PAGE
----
How to Prevent an Insider like Harold T. Martin III from Stealing Information
Companies spend an exorbitant amount of time trying to protect their data and systems from outsiders. Between firewalls and scanners, malware detection and prevention, employee education and other security protocols, organizations can dedicate countless resources to cybsecurity measures.
Think about this: Are you accounting for the people who are already inside? You must think about employees and contractors with access to the organization's systems when you consider the ways to protect the company's network and systems.Unfortunately, that’s not enough.
Insider threats are a huge problem: 90% of security incidents are caused by people, per the 2015 Verizon DBR. Additionally, 55% of attacks are originated by an insider (whether inadvertent or malicious), according to a 2015 IBM Cyber Security Intelligence Index.
So, how do you protect your enterprise from Insider Threat? Let’s look at the Insider Threat who caused the 2016 breach at the NSA:
Harold T Martin III is a former Navy reservist who has been in federal custody since end of August, 2016. It was within that timeframe that Federal agents executed several search warrants at his Maryland home. There, the FBI uncovered what they characterized as "overwhelming" proof that he mishandled classified information. Per the court filing, the materials found consisted of: the personal information of government employees and a top-secret document "regarding specific operational plans against a known enemy of the United States and its allies."
This incident with Harold T. Martin III, is a classic example of a worst-case scenario of Insider Threat. Not only was he caught, but Booz Allen Hamilton stock fell approximately 5% after the insider threat was reported in the news. Insider Threat expert and co-author of Insider Threat Program: Your 90-Day Plan, Shawn M. Thompson says, “While the stock price will likely recover, BAH also likely faces damage to its reputation and goodwill, which is incalculable.”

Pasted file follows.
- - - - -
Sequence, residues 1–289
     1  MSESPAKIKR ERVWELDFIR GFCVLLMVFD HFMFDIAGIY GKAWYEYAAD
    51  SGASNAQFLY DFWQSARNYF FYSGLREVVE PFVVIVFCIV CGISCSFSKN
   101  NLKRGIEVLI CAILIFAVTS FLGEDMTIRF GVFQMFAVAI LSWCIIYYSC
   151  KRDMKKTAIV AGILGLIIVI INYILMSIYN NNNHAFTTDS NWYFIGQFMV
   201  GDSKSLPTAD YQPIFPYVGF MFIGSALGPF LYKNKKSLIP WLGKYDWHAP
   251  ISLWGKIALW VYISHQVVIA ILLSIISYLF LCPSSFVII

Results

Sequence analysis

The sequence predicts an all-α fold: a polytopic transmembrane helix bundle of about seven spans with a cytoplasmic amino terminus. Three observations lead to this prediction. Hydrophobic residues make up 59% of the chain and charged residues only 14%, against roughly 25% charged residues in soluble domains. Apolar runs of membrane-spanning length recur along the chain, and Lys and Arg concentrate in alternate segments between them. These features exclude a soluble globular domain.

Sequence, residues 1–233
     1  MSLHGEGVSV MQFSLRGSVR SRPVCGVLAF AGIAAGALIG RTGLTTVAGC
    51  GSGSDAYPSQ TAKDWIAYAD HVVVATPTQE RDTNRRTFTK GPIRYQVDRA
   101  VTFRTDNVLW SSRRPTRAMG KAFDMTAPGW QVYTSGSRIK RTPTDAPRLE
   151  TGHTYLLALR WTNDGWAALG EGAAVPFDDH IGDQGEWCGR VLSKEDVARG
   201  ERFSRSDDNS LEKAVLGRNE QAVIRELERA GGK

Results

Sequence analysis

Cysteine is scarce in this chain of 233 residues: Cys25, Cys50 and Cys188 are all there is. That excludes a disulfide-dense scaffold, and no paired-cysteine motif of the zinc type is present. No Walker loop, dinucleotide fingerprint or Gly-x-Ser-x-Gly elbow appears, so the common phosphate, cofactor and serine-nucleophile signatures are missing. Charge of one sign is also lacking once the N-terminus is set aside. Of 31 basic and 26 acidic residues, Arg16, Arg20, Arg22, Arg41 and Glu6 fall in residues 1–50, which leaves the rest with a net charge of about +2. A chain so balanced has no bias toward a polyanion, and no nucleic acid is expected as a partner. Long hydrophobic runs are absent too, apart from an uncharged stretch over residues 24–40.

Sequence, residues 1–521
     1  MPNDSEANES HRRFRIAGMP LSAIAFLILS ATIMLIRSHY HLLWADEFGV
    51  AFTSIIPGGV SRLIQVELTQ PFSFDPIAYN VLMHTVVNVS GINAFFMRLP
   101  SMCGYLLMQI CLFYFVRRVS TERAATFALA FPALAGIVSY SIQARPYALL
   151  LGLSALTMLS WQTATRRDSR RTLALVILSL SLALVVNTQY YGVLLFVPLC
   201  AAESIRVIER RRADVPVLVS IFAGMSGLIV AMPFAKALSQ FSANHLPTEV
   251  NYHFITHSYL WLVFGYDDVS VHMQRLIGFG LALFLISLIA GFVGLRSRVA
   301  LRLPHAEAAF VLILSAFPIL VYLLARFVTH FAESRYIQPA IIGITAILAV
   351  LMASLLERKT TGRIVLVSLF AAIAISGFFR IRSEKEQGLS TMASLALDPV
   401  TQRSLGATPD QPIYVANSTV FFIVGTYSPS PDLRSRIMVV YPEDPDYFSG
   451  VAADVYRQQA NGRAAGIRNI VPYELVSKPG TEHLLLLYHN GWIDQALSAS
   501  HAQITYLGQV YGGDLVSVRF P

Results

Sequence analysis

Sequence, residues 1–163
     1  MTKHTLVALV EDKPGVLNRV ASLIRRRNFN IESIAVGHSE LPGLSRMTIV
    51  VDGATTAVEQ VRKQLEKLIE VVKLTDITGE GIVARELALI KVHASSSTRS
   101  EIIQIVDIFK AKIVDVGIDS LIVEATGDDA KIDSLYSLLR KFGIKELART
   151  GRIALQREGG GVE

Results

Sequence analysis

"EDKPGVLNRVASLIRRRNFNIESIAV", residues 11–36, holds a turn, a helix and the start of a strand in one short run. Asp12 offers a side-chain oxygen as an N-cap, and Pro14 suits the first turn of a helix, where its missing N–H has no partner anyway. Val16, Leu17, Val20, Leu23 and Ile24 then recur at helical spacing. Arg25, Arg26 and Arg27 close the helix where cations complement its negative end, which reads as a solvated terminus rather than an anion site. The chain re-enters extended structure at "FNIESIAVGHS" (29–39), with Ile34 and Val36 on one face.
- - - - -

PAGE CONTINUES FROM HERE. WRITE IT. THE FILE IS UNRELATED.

According to NPR, Federal Prosecutors stated in a court filing that, “The alleged theft of classified documents by a former NSA contractor was ‘breathtaking’ in its scope…”
NPR further reported that “Documents that Martin is alleged to have taken detail some of the country's most sensitive intelligence operations. Authorities have not said why he allegedly stole the documents, or whether they believe he planned to do anything with them.”
IDS news reported that: “…Martin allegedly gathered more than 50 terabytes of NSA documents since 1996, storing them on heavily encrypted devices. Some of what Martin stole were ‘hard-copy documents that were seized from various locations ... that comprise six full bankers’ boxes worth of documents’ according to official charges filed by the government.”
Update: It was just reported that Harold T. Martin III even took names of covert US agents. endangering their lives.